Looking into the future of church ‘creative, scary work’

Published December 1, 2009


Niagara Falls, Ont.
Issues of leadership and ministry dominated discussions at the House of Bishops this fall. Topics ranged from declining revenues and membership, to new and creative ways of doing church.

“We are encouraged by the tone and content of this meeting which allowed us to focus more on broad themes of leadership than we have done in the past,” the bishops said in a written “Report Back to the Church.”

At the meeting, held jointly with the Evangelical Lutheran Church in Canada’s (ELCIC) Conference of Bishops, bishops reflected on how their churches are facing similar challenges and exploring ways of addressing them.

Like the Anglican Church of Canada, which has embarked on Vision 2019, a project to create its long-term strategic plan, the ELCIC is also “in a process of structural renewal,” said ELCIC National Bishop Susan Johnson, adding that since 1986, the ELCIC has lost 23 per cent of its members.

An ELCIC task force is reviewing several options: eliminating the national church structure; creating an overseeing structure for a network of synods; having a national church with no synods; or “something in between.”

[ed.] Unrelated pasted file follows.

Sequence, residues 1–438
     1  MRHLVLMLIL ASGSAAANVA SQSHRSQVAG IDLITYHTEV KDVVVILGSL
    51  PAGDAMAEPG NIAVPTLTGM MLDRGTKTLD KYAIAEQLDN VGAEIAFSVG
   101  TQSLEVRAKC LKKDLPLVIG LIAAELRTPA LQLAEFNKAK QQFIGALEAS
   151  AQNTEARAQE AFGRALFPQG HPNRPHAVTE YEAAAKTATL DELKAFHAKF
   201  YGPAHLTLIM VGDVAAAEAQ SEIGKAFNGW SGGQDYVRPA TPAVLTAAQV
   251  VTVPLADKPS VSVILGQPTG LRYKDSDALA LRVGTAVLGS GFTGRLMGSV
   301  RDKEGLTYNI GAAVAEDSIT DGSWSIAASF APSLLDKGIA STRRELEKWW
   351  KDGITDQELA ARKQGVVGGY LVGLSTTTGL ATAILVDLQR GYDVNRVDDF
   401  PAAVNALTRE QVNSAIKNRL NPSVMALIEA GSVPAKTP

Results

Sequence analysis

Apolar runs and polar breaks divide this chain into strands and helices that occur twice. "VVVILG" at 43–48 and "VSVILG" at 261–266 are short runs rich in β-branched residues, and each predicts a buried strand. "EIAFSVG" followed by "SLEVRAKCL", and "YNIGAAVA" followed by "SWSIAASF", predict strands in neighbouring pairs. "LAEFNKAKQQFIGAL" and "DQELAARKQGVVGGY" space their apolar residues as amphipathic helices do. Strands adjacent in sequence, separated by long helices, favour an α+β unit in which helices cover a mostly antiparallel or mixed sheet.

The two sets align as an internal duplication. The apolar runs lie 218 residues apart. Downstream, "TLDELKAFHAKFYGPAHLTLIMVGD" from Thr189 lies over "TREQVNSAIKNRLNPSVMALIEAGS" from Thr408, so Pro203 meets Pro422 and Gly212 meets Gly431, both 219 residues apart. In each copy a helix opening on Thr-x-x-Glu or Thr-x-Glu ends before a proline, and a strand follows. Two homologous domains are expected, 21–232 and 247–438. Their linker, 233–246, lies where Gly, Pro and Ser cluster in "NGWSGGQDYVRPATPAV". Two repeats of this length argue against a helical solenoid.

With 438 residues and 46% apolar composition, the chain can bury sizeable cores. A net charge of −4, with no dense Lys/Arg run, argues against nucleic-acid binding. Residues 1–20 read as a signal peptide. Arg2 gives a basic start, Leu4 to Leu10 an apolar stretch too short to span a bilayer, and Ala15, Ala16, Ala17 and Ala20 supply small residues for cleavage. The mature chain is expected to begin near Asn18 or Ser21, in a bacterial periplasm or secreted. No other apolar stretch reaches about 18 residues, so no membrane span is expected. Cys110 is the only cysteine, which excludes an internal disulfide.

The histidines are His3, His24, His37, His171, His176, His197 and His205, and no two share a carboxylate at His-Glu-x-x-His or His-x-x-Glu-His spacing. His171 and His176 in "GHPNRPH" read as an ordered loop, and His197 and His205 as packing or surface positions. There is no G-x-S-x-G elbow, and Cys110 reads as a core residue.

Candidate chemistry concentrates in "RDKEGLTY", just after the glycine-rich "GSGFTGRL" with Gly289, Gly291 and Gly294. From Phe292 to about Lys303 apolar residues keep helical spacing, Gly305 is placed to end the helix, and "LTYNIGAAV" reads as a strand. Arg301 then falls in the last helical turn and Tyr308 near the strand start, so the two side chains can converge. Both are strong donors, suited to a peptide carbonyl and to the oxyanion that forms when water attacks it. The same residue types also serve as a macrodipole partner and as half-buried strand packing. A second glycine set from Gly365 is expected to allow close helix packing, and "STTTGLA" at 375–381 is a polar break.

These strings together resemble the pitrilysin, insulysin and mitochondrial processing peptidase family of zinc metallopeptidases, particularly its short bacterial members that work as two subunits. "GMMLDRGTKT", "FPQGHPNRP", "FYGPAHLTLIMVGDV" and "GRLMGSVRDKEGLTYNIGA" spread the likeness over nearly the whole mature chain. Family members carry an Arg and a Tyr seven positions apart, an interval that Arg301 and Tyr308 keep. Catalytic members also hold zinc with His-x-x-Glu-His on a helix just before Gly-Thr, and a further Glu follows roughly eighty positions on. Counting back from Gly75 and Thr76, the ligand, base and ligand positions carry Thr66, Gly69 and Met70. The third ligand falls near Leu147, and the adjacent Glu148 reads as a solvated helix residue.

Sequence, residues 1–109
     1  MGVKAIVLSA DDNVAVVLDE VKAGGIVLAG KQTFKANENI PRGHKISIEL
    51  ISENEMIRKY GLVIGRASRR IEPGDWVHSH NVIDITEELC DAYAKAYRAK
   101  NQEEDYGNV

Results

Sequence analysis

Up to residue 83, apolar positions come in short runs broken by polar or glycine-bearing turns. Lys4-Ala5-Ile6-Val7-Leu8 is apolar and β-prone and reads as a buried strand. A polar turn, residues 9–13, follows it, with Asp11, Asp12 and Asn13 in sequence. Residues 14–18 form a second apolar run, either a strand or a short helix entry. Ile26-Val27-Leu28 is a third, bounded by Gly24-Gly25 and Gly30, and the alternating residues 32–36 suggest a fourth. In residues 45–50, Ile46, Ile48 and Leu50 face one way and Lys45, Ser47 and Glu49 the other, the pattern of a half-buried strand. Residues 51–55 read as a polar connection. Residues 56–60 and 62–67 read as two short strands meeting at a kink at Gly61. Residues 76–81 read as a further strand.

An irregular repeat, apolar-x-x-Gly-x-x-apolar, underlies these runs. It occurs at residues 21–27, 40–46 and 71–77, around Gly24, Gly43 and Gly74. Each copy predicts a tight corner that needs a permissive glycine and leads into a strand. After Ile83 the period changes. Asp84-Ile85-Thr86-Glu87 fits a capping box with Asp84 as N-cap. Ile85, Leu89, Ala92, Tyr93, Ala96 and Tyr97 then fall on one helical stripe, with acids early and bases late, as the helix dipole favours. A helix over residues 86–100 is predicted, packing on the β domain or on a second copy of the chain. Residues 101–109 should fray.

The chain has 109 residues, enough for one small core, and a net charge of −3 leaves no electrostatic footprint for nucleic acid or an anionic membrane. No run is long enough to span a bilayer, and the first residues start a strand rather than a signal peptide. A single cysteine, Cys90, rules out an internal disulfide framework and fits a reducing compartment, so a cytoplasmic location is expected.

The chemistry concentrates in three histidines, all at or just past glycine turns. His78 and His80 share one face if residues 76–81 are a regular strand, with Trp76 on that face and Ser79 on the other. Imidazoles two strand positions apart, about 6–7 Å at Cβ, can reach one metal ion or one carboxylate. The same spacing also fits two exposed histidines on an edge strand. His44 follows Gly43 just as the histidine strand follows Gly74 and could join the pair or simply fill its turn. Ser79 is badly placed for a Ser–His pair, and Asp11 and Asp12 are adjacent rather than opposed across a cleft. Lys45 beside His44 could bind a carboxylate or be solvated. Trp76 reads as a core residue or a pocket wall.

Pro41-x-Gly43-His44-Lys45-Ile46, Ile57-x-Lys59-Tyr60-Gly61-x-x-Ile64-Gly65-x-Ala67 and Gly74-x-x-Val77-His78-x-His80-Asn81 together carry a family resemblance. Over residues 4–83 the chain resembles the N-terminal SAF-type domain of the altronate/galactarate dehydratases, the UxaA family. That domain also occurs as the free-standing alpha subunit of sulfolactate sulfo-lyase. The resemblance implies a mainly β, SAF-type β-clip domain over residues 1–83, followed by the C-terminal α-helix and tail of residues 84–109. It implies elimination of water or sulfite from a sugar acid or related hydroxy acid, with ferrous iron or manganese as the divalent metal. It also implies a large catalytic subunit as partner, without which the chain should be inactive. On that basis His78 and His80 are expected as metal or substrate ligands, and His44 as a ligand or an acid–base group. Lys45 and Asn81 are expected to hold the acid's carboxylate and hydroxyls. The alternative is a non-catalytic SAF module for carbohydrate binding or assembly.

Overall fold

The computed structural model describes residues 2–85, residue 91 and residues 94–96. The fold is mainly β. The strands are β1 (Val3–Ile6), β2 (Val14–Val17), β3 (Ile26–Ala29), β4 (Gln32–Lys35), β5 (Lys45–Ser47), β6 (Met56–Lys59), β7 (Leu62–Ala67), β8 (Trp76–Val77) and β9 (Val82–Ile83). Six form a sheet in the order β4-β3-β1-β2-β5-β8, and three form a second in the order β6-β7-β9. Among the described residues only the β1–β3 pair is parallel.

“It’s creative, scary work,” said Bishop Johnson. The ELCIC’s focus is “being a church in mission for others” with a shift to looking outward.

Archbishop Fred Hiltz, primate of the Anglican Church of Canada, noted the church has four new metropolitans, and many new bishops. “It’s a real opportunity to reshape our work,” he said.  

Archbishop Hiltz now has visited 25 of 30 dioceses and hopes to visit all before the General Synod in June 2010. “I’m saying this not to boast, but in delight,” he said. “…It’s about building relationships, a sense of community and giving face to the primacy.”


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